Edward: Yes, thank you, very well put, Ram. I won’t get involved with her, that wouldn’t be possible anyway, as I can see it’s completely empty. It’s all just thoughts, isn’t it?
James: Yes, it is just thoughts born of some kind of desire.
Edward: And Spain is way off my radar. It is just a great lesson in how maya can rear its ugly head and tempt someone who has supposedly seen right through Her. Vigilance is the eternal key that should be kept in one’s pocket at all times… Thanks, James.
James: Nididhyasana – self-actualization – requires constant vigilance. Desire remains once you know who you are. If it is channeled into noble pursuits, it is good. If it is about satisfying some emotional need, it isn’t.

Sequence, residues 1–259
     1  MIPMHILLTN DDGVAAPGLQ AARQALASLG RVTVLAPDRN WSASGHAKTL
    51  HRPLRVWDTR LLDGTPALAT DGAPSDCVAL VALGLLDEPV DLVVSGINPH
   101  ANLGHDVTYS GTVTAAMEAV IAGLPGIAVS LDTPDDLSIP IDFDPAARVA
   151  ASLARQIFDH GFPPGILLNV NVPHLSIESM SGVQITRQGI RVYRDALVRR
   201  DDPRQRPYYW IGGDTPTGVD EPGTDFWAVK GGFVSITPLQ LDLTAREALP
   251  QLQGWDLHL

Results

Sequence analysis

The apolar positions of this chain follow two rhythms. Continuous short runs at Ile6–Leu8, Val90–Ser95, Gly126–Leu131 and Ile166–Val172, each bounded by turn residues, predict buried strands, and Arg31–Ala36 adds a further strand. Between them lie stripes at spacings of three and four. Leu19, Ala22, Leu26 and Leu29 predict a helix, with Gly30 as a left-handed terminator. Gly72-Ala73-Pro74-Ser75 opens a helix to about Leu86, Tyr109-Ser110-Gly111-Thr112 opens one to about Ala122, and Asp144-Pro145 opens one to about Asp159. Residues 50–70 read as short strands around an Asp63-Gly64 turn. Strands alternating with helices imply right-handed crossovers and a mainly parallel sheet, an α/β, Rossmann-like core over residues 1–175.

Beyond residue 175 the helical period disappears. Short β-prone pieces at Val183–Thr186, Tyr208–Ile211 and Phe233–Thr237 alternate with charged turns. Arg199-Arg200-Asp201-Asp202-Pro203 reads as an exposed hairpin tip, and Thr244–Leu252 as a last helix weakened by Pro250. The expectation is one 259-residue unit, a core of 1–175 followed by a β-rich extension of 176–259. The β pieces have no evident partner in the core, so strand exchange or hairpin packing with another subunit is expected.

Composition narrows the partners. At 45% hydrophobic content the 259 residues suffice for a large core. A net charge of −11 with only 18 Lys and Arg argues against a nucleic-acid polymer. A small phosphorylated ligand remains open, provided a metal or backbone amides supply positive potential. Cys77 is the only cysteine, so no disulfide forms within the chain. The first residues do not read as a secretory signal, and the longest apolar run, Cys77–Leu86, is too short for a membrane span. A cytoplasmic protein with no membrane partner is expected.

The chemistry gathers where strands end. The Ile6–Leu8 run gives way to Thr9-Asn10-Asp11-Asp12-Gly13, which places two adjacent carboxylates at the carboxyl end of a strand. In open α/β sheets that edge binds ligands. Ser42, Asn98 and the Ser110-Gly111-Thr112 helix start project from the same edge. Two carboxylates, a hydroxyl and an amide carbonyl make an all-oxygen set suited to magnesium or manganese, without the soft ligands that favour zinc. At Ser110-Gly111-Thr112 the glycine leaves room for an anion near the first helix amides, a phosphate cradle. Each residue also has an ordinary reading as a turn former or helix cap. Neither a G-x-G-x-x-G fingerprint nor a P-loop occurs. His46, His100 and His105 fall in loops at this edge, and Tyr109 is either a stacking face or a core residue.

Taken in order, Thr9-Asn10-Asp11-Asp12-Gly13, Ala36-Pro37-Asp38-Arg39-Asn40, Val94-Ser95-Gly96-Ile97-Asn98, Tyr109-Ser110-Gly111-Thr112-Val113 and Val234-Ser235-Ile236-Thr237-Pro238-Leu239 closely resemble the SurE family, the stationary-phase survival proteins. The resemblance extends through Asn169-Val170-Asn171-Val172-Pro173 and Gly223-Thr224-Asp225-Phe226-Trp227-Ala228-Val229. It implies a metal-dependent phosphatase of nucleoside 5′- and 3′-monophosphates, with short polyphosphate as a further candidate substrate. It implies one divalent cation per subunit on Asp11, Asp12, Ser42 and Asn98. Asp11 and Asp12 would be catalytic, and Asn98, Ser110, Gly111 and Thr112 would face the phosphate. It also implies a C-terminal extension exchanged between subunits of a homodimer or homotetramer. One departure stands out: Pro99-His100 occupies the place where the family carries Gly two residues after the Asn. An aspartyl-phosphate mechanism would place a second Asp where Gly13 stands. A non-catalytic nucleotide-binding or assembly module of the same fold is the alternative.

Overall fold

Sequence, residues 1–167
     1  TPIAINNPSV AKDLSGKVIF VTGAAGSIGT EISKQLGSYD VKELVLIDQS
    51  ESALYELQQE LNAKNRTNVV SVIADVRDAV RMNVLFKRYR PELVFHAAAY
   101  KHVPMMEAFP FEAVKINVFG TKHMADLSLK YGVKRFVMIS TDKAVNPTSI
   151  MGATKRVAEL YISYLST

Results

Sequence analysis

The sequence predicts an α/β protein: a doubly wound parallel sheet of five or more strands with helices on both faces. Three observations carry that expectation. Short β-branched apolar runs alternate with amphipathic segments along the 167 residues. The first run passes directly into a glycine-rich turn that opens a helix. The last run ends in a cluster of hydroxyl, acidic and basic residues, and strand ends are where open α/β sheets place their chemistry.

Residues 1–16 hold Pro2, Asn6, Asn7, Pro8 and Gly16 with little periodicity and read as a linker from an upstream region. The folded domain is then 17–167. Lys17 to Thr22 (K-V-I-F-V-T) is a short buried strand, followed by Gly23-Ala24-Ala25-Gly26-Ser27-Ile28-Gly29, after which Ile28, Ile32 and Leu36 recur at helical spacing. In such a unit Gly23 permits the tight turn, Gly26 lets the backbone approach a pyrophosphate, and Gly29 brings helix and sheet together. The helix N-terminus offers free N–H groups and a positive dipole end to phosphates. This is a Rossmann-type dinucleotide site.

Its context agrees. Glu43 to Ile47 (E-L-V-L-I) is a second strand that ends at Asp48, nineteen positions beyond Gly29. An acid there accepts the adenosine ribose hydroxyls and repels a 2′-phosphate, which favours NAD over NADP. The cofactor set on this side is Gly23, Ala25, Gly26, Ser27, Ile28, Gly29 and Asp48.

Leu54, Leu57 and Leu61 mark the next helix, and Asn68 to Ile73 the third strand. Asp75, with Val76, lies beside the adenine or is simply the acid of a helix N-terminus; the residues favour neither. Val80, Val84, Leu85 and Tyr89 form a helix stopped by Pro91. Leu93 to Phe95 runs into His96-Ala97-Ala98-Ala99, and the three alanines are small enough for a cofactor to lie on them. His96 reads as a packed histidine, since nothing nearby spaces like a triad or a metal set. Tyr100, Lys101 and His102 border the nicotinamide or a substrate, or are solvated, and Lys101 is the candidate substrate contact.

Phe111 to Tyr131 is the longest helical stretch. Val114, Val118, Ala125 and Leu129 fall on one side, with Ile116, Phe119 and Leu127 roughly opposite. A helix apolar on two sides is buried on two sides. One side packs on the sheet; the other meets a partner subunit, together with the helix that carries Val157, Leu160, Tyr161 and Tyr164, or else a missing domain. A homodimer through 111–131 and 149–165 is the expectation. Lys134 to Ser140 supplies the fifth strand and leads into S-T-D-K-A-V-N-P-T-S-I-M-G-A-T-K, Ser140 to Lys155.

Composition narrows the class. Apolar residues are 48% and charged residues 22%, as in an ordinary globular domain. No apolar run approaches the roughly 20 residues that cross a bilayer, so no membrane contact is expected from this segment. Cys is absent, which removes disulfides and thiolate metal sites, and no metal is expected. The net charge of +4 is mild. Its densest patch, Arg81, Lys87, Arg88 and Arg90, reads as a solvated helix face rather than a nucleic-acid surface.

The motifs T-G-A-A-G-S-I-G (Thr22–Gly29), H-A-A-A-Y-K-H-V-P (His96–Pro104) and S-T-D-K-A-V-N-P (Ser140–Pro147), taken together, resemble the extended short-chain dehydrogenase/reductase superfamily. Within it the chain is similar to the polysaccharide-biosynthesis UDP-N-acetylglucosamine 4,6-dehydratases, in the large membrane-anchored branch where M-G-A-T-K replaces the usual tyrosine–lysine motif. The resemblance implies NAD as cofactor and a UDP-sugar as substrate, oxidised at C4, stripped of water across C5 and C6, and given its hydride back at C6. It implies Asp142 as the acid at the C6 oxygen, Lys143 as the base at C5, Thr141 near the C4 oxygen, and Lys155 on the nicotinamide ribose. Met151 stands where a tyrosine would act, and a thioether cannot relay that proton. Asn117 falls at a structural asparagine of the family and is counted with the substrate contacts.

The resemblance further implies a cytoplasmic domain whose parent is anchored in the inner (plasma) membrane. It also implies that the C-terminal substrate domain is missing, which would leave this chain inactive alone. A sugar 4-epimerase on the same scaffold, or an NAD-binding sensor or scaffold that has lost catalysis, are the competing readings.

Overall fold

Edward: Do you think that helping someone to see the light, as in advice, as I am a support worker anyway, would or could be a noble desire? This is what I seem to be doing with her. I am being dispassionate, as you said, but I have always felt called to help/advise others, as I have a wise head on my shoulders, and now that I can see who I am clearly I think a few well-chosen words could help, in a way. I know you can lead a horse to water, but you can’t make it drink though. By the way, I could just as easily forget about her, as she is okay, if I don’t want to. I really don’t mind either way, but I’m just thinking I may be of some help. I didn’t think when I got up this morning that I would have to make a decision (albeit a small one) like this today. Just goes to show that, that wonderful thing we call life always has things to teach us.